Census 2016- the digital Australia Card

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In the late 80’s the Labor government called a Double Dissolution. The issue they were trying to force through parliament was the infamous Australia Card. The Australia Card came out of a national tax summit convened by Labor in 1985 which hoped to clamp down on individual income tax and welfare fraud.

Health Minister Neal Blewett told Cabinet that while there appeared to be general support for a national identity system, it was doubtful if its tax benefits alone would secure its acceptance among significant community groups, particularly the Australian Democrats. The government should therefore emphasise the benefits of identifying illegal immigrants, which might release 60,000 jobs for legitimate residents, and combatting welfare fraud.”


Under the Australia Card legislation, organisations could be fined for not demanding Australia Card information from individuals:

“Every person in Australia will be required to obtain a Card, including children. The Bill does not make it legally compulsory: it simply makes it impossible for anyone to exist in Australian society without it, because they will be unable to carry out normal activites such the receipt of their pay taxed at the normal rate, operation of bank accounts, or the receipt of social security or health insurance benefits.”

Even in the mid-80’s it was apparent that building a data-surveillance system through linking administrative datasets was the ultimate goal and outcome of the proposed Australia Card, a policy that was only defeated through political opposition from the Liberals, Nationals & Democrats and a strong public campaign by privacy advocates.

“Without some form of a universal identification Number and a central population Register, an authoritarianism based on data surveillance is unlikely to develop. The likelihood of it developing from these two components is neither inevitable nor impossible. If a political regime of the future was disposed toward extensive data surveillance, and lacked effective political opposition, it would have the necessary tools at its disposal in the form of the `Australia Card’ scheme.

The scope of the scheme is likely to undergo gradual expansion. It has always been the intention of the main bureaucratic proponents of the scheme that it should be used to link the personal data systems of all significant Commonwealth agencies, on the grounds of administrative efficiency[20]. The Bill facilitates such expansion, as this article has sought to show. Demands for expansion of access to the Register by State agencies and private sector organisations may be politically difficult to resist.” ( The Australia Card: towards a national surveillance system Graham Greenleaf, 1987).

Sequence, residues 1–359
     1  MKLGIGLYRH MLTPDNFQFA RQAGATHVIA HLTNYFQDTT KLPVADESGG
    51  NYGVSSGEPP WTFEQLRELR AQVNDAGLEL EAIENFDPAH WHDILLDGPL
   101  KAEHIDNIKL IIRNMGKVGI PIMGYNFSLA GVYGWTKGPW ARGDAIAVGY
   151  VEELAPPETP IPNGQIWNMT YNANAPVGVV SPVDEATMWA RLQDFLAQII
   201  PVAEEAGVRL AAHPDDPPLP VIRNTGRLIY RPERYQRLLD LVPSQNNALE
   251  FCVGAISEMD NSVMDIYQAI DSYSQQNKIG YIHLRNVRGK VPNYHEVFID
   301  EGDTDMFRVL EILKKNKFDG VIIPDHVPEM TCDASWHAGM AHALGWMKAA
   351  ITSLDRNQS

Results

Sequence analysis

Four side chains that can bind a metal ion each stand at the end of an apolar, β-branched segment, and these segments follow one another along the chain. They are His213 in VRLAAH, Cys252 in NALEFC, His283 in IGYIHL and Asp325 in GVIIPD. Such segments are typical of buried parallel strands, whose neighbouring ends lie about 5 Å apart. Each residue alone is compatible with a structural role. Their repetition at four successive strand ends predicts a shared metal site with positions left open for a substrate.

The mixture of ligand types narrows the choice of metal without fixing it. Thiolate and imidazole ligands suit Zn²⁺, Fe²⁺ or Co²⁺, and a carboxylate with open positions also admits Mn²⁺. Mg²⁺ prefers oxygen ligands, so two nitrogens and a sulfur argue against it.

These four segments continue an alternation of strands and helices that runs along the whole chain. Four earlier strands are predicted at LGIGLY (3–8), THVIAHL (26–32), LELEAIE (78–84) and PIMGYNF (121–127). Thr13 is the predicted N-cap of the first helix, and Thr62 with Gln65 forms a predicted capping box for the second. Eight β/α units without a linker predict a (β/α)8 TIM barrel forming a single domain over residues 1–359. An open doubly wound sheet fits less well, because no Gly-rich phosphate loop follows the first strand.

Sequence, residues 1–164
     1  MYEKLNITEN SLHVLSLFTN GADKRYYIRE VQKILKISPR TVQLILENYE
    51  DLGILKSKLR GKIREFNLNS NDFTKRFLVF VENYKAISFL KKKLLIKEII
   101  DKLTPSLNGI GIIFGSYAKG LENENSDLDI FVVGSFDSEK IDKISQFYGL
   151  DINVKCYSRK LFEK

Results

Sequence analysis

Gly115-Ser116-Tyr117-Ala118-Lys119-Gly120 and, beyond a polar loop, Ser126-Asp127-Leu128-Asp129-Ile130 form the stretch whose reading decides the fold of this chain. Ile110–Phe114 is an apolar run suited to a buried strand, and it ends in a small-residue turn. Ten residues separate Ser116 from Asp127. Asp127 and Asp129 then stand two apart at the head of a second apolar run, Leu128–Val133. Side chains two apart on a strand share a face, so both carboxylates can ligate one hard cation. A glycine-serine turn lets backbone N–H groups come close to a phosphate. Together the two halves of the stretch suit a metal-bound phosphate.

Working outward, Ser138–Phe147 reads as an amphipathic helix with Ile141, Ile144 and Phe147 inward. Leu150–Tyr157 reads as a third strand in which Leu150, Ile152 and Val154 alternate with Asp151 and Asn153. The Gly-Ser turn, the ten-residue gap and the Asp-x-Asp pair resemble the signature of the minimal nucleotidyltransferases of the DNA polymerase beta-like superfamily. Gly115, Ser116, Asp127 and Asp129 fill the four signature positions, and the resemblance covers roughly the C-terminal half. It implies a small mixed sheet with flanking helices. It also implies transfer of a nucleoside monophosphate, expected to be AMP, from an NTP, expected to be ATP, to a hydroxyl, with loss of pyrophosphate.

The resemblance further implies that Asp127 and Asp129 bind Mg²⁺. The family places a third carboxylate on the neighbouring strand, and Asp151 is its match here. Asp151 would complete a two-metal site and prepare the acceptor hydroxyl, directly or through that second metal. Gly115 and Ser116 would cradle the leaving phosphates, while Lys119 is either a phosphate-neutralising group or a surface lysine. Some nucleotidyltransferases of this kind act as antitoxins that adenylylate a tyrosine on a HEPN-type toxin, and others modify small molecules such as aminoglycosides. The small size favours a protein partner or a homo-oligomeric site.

The Australia Card was put to rest after a retired public servant, Ewart Smith noticed that the Australia Card Bill had been drafted in such a way as to make it impossible to legally implement. Had an educated, interested and engaged citizenry not taken such an interest in the proposed Australia Card it is plausible to imagine it may have come into being. Decades later, after changes to the Census Information and Legislation Act (2000 & 2005) strengthening penalties for non-compliance, the campaign to create a system capable of extensive data surveillance of Australians has finally born fruit.

Despite such public and political dissent in the late 80’s, the long-held desire to create a complete register of every person on Australian soil (with our implied consent for all future uses) has finally come to fruition barely raising an eyebrow as the ABS announced in the week before Christmas 2015, that it would now be keeping all names and addresses until the next Census to link every name on every form to as many other administrative datasets as can it can manage.